Even though this claim was properly exhausted and therefore not procedurally barred, it still fails on the merits. The drug results Matylinsky says Atcheson failed to review may have shown that Matylinsky had little or no cocaine in his system at the time he killed Peggy. We fail to see how Matylinsky was prejudiced by any failure to investigate this information, as it might have damaged his best available defense to murder.
Matylinsky's final claim is that he was prejudiced when Atcheson failed to object at sentencing to the state's aggravating torture factor. “[I]f a State wishes to authorize capital punishment it has a constitutional responsibility to tailor and apply its law in a manner that avoids the arbitrary and capricious infliction of the death penalty.” Godfrey v. Georgia, 446 U.S. 420, 428, 100 S.Ct. 1759, 64 L.Ed.2d 398 (1980). “The State must channel the sentencer's discretion by clear and objective standards that provide specific and detailed guidance, and that make rationally reviewable the process for imposing a sentence of death.” Arave v. Creech, 507 U.S. 463, 471, 113 S.Ct. 1534, 123 L.Ed.2d 188 (1993) (internal quotation marks and citation omitted). In order to follow this mandate, Nevada has enumerated certain aggravating circumstances to first-degree murder which, if found by a jury, might permit a death sentence. See Nev.Rev.Stat. §§ 175.552, 200.033.
Matylinsky points to the state's notice of intent to seek the death penalty, where it lists that the prosecution intended to prove, in addition to other aggravators, that Peggy's murder involved torture. However, this claim fails because there is no evidence that Matylinsky was at all prejudiced by the instruction contained in the notice. First, the jurors were not actually instructed on the torture aggravator, and there is no evidence in the record that they ever heard that the state intended to prove this aggravator. They were instructed on only two of the three noticed aggravating factors: (1) “the murder was commited [sic] by a person who knowingly created a great risk of death to more than one person,” and (2) the “murder involved depravity of the mind.” Additionally, the jury did not sentence Matylinsky to death, and therefore did not need to find any specific aggravators. To find a sentence of life without the possibility of parole, the jurors needed only to determine that Matylinsky should not be eligible for parole. It did not have to specify any aggravating factors when it rendered that decision.
We affirm the district court's order denying Matylinsky's petition for a writ of habeas corpus. We find that Ground 18(Q), which was held unexhausted by the federal district court, is exhausted and therefore was not procedurally barred. However, it too fails on the merits. Matylinsky has failed to show how Atcheson was ineffective as his trial counsel under the requirements set forth by the Supreme Court in Strickland. Nor are the rulings of the Nevada courts to that effect objectively unreasonable under AEDPA.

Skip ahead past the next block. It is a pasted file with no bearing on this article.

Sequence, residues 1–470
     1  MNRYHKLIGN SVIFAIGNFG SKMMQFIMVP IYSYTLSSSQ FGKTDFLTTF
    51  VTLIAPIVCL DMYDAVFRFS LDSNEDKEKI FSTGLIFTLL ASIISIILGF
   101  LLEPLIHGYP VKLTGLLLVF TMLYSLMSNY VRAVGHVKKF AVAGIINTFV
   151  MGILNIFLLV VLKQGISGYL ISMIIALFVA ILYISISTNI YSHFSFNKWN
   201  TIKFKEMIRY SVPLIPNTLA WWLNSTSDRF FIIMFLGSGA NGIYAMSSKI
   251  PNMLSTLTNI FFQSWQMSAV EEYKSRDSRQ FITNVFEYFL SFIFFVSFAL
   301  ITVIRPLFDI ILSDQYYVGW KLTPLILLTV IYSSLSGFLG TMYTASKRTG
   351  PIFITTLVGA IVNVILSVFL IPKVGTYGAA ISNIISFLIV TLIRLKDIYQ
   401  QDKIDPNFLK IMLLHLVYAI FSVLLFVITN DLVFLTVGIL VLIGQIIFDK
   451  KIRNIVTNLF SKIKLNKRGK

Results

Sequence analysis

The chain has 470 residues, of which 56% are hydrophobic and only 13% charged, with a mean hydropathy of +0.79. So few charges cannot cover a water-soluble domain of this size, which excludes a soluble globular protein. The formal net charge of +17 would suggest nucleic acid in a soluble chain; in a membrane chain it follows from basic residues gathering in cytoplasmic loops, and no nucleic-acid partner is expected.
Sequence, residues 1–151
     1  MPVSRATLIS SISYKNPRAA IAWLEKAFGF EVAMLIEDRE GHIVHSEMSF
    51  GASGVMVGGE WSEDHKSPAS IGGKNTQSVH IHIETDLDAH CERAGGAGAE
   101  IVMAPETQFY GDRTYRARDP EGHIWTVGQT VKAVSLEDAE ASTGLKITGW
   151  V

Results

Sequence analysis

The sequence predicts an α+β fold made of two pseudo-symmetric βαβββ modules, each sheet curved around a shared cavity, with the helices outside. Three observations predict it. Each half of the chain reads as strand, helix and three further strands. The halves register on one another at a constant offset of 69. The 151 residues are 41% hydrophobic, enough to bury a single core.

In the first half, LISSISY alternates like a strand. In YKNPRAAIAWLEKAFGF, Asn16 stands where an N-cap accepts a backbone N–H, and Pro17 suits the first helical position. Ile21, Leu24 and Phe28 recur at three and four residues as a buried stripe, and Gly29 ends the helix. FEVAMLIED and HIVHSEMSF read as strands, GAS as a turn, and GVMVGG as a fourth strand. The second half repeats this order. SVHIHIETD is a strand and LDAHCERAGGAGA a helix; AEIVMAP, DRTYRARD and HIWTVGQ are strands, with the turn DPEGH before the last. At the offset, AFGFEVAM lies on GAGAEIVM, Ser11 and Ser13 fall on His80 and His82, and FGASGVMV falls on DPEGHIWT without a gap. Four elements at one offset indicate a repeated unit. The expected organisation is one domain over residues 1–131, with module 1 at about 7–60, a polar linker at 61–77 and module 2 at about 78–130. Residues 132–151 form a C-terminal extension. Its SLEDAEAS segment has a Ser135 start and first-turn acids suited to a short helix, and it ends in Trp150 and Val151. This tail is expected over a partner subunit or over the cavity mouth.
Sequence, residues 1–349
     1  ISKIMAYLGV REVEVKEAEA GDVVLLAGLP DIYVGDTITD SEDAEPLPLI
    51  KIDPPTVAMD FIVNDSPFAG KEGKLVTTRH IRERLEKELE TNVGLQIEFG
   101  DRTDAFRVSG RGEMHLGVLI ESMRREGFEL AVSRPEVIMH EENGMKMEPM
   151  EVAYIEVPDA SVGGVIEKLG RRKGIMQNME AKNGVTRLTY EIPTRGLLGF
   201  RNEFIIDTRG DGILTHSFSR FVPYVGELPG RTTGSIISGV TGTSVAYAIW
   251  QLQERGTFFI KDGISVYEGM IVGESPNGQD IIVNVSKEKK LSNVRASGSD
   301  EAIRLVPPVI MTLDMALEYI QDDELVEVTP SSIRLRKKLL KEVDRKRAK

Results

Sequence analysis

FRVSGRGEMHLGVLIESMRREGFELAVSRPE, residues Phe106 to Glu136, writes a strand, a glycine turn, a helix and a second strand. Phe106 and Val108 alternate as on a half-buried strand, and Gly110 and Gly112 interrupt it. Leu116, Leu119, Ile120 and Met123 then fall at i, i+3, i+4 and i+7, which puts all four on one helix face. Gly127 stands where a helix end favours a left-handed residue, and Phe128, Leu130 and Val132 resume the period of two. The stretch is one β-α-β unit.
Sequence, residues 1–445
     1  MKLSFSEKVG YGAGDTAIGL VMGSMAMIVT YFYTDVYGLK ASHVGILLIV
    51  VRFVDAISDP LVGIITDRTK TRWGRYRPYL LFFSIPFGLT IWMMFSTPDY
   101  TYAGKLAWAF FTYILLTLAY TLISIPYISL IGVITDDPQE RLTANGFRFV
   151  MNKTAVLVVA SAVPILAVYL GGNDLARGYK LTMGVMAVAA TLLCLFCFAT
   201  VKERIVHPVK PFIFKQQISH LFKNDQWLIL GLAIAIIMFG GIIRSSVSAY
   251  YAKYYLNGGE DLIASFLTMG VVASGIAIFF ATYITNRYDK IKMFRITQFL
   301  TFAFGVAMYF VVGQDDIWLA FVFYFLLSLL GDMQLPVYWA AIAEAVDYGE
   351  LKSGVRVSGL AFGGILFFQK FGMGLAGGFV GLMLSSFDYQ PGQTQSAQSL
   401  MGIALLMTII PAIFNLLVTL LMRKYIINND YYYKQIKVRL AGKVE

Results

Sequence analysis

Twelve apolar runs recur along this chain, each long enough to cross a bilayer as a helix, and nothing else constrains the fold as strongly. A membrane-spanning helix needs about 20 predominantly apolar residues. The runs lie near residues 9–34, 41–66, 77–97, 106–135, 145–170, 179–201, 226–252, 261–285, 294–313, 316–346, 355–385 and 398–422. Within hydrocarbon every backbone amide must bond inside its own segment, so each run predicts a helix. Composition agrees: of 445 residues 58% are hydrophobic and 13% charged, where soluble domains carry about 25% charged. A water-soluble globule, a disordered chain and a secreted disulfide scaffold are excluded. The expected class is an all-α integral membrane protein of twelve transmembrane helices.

1. In a concurrently filed memorandum disposition, we reject Matylinsky's additional challenges to the district court's decision. See Matylinsky v. Budge, No. 08-15459, 2009 WL 2750722, --- Fed.Appx. ---- (9th Cir. August 18, 2009).
2. The claims addressed in this opinion, as presented to the district court, are as follows: 18(A, E, H, M-N, Q-S, U-X, Z, AA).
3. Though Atcheson did not testify during the evidentiary hearing, he did explain to the trial jury in closing arguments why he chose intoxication as a defense to first-degree murder as opposed to provocation with a manslaughter instruction. He said: “it's contrary ․ to human nature to believe there is any adequate provocation for what we see [in the pictures of the victim].”
4. Matylinsky also argues that Janet's interception of his private phone call violated Nevada Revised Statutes section 179.505(1). Even if the evidence was obtained in violation of Nevada's state law, Matylinsky does not claim that there was a violation of any constitutional right. Therefore, this portion of his claim fails. Estelle v. McGuire, 502 U.S. 62, 67, 112 S.Ct. 475, 116 L.Ed.2d 385 (1991) (“We have stated many times that federal habeas corpus relief does not lie for errors of state law.” (internal quotation marks and citation omitted)).
5. A Jackson v. Denno, 378 U.S. 368, 392, 84 S.Ct. 1774, 12 L.Ed.2d 908 (1964), hearing is an evidentiary hearing, outside the presence of the jury, where the court inquires as to the voluntariness of the defendant's confession. Through this hearing, the court is able to determine the factual context surrounding a defendant's confession. Id. In the instant case, the trial court held a hearing regarding whether Matylinsky's taped interrogation statements and Miranda waiver were voluntarily obtained.
6. Miranda v. Arizona, 384 U.S. 436, 86 S.Ct. 1602, 16 L.Ed.2d 694 (1966).
7. Atcheson's presentation of character witnesses is in stark contrast with Mayfield v. Woodford, 270 F.3d 915 (9th Cir.2001) (en banc), where counsel's failure to call any mitigating witnesses at the penalty phase was found prejudicial to the defendant. Id. at 932 (stating that the testimony omitted at trial, but that was presented at an evidentiary hearing, might have led to a non-unanimous verdict).
TALLMAN, Circuit Judge: